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Stomp Edinburgh Festival Theatre, Tue

16—Sat 20 Feb The rocking Stompers are back with their populist, puckish and primal rhythmic invention intact. Created by Brighton-based Luke Cresswell and Steve McNicholas, Stomp is one of the decade's biggest cultural success stories. Since premiering on the Edinburgh Fringe in 1991, the production has become both global phenomenon and virtual franchise. A handful of Stomp companies now storm the world, following a deceptively simple formula: corral eight adepts in grubby garb for each performance and unleash them on a battery of everyday and industrial objects.

These noisemaking wonders range from matchbooks, buckets, bin-lids and brooms to plungers, paint-scrapers and oil-drums converted into giant platform shoes. The roster of materials includes everything and the kitchen sink. The result is a sustained, glorified busking show with a labourer's scrap-heap aesthetic. Think of it as neo- Dickensian vaudeville with a literal kick, shuffle and bang. When the cast climbs the fencing up at the back of the stage and starts clattering on the discarded metal and plastic items tied there, the racket's so rich you're dancing in your head.

The show’s appeal is immediate and basic. Anyone who's ever tapped a pen on a desk or a spoon on a plate should be able to relate. It 'speaks‘ percussively to the child in all of us, who'd like to beat two sticks together or spontaneously thump about in kitchen, garage or alley. Not that the episodic spectacle is all crash and boom. Among the subtler sounds produced is a little, comic sit-down symphony of ensemble newspaper rustlings, sniffles and throat-clearings.


Thu 11 Feb

A Ghanaian t'(‘-a(lii.'tti r'i:rlr."le

fat es age livuig in Stotlarrri, rt-iler ting or: the differences

horn womari

Bin there. done that: Stomp comes to The Festival Theatre

As its popularity has escalated, Stomp has shed some

Not shy: Rosina Bonsu in Coconut

between her' life and her mother’s not an thIous rhoire of material for a dance-drariia solo

Rosina Borisu's latest work has teasing moments where you wait to see what (liret tiori she's going to take, but Just as the steps are fairly

of its spontaneous roughness. Yet Cresswell, McNicholas and company remain dab hands at working audiences into a bring-down-the-house frenzy. Just about the only words uttered are a climactic invitation to all of us to ’Just let yourself 90'. And do we ever. This slick but irresistible entertainment is a healthy reminder that the tools of sound and motion and play are all around us. (Donald Hutera).

See reader offers page 112.\

limited in range, her monologue never seems to gurte get in focus. Should we rage With her against the indignities Suffered by her mother from mid-20th century traditional gender roles in West Africa? Ponder what it is she seeks in her own independent life in Scotland? lo the end the piece seems too basrc for its own good, a tale of daily life illuminated more by the slightly qurrky set deSign than the ins:ghts of BonSU's thinking


It's a pity, as Bonsu has a solid 1 presence and earthy movement style

that could bring a refreshing angle to

a role for a mature dancer She (learly has strong feelings about the issues :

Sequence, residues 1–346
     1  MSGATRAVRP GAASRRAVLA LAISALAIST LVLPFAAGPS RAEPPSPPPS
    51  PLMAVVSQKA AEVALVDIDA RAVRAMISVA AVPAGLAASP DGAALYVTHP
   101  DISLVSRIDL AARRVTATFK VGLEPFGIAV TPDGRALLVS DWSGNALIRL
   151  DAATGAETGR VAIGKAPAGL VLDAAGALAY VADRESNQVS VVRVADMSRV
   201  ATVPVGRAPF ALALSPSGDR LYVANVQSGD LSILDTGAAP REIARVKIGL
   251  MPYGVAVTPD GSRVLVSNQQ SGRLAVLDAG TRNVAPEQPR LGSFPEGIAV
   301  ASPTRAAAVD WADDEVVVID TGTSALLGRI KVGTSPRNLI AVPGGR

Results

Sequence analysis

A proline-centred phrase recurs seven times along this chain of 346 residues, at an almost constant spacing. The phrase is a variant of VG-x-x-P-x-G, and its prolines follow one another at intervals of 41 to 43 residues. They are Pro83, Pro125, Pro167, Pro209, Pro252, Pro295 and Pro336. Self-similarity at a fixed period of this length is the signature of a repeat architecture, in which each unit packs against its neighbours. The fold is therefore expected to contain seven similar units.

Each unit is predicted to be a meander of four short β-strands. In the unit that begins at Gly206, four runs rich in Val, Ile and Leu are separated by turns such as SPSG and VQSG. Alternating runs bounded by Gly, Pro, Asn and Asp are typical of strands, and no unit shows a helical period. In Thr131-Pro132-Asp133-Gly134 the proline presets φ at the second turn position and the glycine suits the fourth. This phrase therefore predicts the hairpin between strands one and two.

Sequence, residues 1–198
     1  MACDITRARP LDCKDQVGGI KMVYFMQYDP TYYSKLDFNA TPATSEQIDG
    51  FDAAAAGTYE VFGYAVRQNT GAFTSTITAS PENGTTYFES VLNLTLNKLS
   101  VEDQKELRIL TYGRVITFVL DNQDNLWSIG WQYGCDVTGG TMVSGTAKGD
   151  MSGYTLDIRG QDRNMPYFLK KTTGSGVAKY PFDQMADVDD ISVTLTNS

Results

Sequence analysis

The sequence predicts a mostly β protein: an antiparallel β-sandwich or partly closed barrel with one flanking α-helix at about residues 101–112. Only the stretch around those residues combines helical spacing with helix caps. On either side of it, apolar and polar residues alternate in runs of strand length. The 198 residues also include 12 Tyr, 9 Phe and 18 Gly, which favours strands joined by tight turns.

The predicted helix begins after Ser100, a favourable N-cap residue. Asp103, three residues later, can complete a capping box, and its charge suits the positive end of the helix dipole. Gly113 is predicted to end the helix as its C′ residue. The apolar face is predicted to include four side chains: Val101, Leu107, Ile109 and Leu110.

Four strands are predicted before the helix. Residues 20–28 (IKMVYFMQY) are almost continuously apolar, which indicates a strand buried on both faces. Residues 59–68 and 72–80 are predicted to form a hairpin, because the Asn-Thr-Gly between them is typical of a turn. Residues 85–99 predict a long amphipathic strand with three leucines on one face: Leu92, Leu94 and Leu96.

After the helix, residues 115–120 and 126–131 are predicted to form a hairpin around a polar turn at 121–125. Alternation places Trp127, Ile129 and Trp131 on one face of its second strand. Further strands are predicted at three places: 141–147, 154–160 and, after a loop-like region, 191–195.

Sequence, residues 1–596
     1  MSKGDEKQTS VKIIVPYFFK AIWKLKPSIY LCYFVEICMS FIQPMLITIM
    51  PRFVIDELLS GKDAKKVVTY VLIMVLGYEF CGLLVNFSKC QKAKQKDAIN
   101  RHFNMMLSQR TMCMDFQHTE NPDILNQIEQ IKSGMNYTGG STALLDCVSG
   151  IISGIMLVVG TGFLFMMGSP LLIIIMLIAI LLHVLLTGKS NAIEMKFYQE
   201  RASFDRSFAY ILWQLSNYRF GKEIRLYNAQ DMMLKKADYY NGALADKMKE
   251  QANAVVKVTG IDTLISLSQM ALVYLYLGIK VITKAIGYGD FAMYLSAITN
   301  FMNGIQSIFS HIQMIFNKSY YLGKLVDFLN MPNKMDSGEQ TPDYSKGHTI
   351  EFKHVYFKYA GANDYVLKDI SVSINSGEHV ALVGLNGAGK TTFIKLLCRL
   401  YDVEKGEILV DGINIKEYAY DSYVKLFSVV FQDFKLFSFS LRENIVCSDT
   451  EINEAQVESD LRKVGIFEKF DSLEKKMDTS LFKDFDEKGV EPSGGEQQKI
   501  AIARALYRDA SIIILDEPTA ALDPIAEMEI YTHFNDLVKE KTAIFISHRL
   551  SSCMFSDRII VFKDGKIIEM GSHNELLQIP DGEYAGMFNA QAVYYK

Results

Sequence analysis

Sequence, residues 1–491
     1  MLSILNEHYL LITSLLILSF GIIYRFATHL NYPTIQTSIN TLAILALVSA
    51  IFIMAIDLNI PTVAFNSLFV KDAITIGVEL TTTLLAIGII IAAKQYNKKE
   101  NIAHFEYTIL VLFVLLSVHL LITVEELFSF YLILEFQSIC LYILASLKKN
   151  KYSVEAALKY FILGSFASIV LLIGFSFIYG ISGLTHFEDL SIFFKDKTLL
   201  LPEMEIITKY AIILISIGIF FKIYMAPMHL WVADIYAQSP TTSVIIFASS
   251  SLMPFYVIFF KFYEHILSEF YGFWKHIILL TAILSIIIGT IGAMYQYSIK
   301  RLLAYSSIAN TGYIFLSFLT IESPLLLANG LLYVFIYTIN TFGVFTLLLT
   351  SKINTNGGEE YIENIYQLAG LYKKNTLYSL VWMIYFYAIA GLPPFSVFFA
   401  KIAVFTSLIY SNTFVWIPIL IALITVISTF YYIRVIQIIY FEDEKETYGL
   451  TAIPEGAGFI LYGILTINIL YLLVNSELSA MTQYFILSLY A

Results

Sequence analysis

she works through on stage, but leaves her audience not so much wanting more as puzzling over her rriessage. (Dori Morris)


Unmissable Very good Worth a Shot Below average


Y0u've been warned

reviews THEATRE


Romeo 8: Juliet

Musselburgh: Brunton Theatre, until Sat 13 Feb * ‘k 1%

Despite being one of Shakespeare’s most popular and accessible works, as a play Romeo & Juliet has problems, weaknesses even. The success of any production depends upon the skill with which director and cast overcome these difficulties, and David Mark Thomson’s version at the Brunton is no exception. Some obstacles are sidestepped with considerable flair and innovation, while others prove insurmountable.

Take the opening Capulet vs. Montague face off. Having young women in Sharp, Reservoir Dogs Style Surts play the rival gangs was an interesting idea, and straight away prevents any cosy familiarity on the part of the audience. Unfortunately, the ensuing rumble is Staged in a way devoid of menace, robbing the play of the undercurrent of violence essential to maintain the tension beneath the love Story. You simply don’t believe that Romeo and his pals are risking death by gatecrashing the Capulets’ bash.

Perhaps the greatest challenge falls to the actress playing Juliet. Whereas Romeo makes the transition from lovesick callow youth to a man consumed by passion, we hardly see Juliet before they meet and she starts off on her own personal emotional rollercoaster. In Iona Carburns, this play is blessed with a performer of magnetic Stage presence who also happens to be technically adroit. It's a fault of the play that Juliet must plumb a series of emotional depths beginning with Tybalt's death, and often the actress in question becomes too hysterical too quickly and is left with nothing in the tragedy locker when the time comes to take her own life. Carburns overcomes this by accepting death wrth an air of resignation. Only Estrid Barton's portrayal of the Nurse comes close to Stealing Juliet's thunder. She iS an earth mother to treasure, and contrasts brilliantly With the impressive Emma Currie, whose Lady Capulet is a Bonfire of the Vanities type Social X- Ray, These performances are reason enough to make the trip to Musselburgh, and it is they, rather than the production as a whole, which will live in your memory if you do.

(Rob Fraser)

From Bard to nurse

4— l 8 Feb 1999 THE UST 59